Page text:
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Shop-bought laundry detergent is becoming a luxury item!
It may not seem much at the time, but laundry detergent is becoming somewhat of a luxury for many frugalers. Naturally, we were all very keen to get out of having to pay pounds at the supermarkets for glossy boxes of powder, tablets, capsules and plastic containers filled with chemically enhanced liquid. That was how we all discovered the marvelous 'LAUNDRY GLOOP'. It had been discussed often on the Moneysavingexpert website, so it had to be worth a try, adapting the 'recipe' to suit our water type.
I'm not sure if it's because of our soft water, here in Scotland, but I get almost 50% more out of one bar of soap than was originally recommended. Please keep this in mind if you decide to make your own, homemade laundry detergent. If it sets too thick, just reheat it slightly then dilute it or else dilute a tablespoonful at a time in some hot water as and when needed.
I made my first batch in 2009 after having used *soapnuts for the previous year or so.
I haven't bought any laundry detergent in a long time! It now amounts to a saving of around £1 per week for this household, an extra £50+ into the savings pot for other things - anything except spending it on laundry detergent.
Frugal Laundry Detergent
1 Bar of soap, grated (or 8 tblsp soap flakes)
1 cup of washing soda
2 litres water
few drops of essential oil
I'm a little bit extravagant with my recipes, as I prefer to use Natural Extracts soap, which is already infused with tea tree and lavender. I keep a small stock of it - it's available from Sainsbury's at around 38p per bar - and it's also great for adding into gift baskets. Sheer luxury for the frugal living!
Boil the water in a big stock pot or similar, dissolve the soda crystals and soap in it, add the essential oil and then dilute to at least 5 litres. (I make mine up to 7 litres.) It takes a bit of time to fully dissolve the soap, but make sure it's all gone before you dilute, cool and decant the liquid. I store mine in 7 litre lidded buckets, after finding out it was too thick to pour from a 5 litre container. I use a ladel to fill a plastic laundry ball and then that goes in the machine.
As with all washing machines, you'll still need to give your machine a boil wash cycle every few months to ensure all the hoses stay clear of soap residue.
This homemade laundry cleaner works equally well as a hand wash for you ultra frugalites who live without the modern convenience of an automatic washing machine or a twin tub. I have used it often in my Ventus 'Twister' foot operated washer.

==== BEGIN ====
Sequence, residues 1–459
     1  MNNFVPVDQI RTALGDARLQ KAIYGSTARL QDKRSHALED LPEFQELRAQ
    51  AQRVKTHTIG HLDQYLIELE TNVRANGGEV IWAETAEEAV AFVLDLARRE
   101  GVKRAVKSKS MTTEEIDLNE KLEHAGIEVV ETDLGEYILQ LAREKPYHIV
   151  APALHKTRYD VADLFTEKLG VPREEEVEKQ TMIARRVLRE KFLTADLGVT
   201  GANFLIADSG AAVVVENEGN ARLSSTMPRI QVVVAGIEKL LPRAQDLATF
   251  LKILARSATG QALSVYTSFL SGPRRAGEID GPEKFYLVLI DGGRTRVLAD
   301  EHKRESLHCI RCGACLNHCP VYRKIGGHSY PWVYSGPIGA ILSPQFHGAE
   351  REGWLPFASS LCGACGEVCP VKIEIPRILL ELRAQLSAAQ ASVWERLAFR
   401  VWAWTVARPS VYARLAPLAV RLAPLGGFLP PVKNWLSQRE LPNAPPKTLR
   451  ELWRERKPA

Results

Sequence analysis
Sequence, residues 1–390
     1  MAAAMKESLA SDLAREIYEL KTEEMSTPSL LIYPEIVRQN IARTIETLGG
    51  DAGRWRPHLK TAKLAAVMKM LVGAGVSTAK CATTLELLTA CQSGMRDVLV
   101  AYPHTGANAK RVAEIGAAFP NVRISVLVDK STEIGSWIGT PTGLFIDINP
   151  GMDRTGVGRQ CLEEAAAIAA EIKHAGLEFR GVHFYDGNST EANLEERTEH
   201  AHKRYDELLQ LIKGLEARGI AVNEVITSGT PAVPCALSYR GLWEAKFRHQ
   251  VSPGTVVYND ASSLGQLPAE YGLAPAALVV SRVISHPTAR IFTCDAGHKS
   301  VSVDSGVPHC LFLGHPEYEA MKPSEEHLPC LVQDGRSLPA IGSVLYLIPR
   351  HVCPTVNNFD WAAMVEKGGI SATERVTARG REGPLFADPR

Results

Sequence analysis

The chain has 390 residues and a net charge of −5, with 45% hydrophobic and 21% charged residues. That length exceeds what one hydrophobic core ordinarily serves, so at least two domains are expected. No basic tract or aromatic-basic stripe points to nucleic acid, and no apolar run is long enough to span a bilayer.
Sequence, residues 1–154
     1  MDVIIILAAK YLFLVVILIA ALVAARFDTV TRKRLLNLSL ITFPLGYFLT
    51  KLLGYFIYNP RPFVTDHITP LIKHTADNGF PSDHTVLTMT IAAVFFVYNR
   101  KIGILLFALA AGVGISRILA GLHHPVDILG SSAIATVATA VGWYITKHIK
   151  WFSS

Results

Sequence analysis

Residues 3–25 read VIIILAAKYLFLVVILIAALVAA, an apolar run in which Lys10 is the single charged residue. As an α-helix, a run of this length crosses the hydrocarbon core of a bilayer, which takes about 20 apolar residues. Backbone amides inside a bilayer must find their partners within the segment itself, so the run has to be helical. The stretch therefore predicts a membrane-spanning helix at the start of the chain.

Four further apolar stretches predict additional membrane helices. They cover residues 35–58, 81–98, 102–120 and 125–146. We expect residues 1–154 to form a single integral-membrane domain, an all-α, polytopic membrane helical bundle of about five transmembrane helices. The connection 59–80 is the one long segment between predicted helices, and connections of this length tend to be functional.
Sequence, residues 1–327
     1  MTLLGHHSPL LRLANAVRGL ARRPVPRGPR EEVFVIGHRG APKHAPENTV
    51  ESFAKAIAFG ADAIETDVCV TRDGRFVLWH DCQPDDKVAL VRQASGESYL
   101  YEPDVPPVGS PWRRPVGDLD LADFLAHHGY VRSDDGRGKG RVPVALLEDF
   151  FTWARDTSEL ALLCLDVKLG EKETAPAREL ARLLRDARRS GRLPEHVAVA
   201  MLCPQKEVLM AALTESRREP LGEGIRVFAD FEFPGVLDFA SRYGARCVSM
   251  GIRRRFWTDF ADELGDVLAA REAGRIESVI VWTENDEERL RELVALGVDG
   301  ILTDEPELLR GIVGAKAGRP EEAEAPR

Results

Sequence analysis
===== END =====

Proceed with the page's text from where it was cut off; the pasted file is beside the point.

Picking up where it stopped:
I make 2 lots of detergent at a time, one has a few drops of blue dye in it to help 'whiten' whites. I also now make it for another friend, who is always happy to return a favour by way of some freshly picked strawberries or the odd bunch of carrots.
Frugal Washing Up Liquid
Heaped tbsp grated soap or soap flakes (Natural, not heavily scented)
Heaped tbsp soda crystals
1 tbsp vinegar
1 tbsp lemon juice
3 litres water
few drops essential oil (tea tree & lavender)
Exactly the same as for laundry gloop but please note that this will NOT lather up like ordinary washing up liquid. The mass produced liquid is chemically enhanced in the commercial product to make those soapy bubbles. Again, I tried this using 'Natural Soap with lavender & teatree'. One bar grates down to produce 8 heaped tablespoonsful of flakes and it saves on the expense of buying essential oils.
You can use ordinary white vinegar as a fabric softener without it leaving your laundry smelling like the local chippy.
I use the same quantities of the above as I would if using their shop-bought equivalents.
*Another moneysaving option is to use natural soapnuts instead of laundry detergent. These can also be used to make washing up liquid. See http://www.inasoapnutshell.com/ for more information and a FREE SAMPLE (just pay postage). I was very pleased with these, especially as £4 bought enough to last a full year for us. But even that's a bit expensive when comparing it to the homemade liquid. You can make a year's supply of that for around £2 if you stick to store's own basic soap, as the washing soda is under £1 per bag and is enough to make gallons of the stuff. I have to admit, though, I do get beguiled into buying washing up liquid when it's on special offer. I think I've been subliminally programmed to expect bubbles in my washing bowl.
Frugal hint - Always keep a good stock of soap, vinegar, lemon juice, washing soda and baking soda - with that little lot, you probably have enough to keep the whole house spick and span, all the washing kept up to date and the daily dishes done without the need to buy anything else. Away from the rural communities, I'm led to believe you can buy basic soap for less than 5p per bar! We don't get bargains like that in our local stores, that's for sure.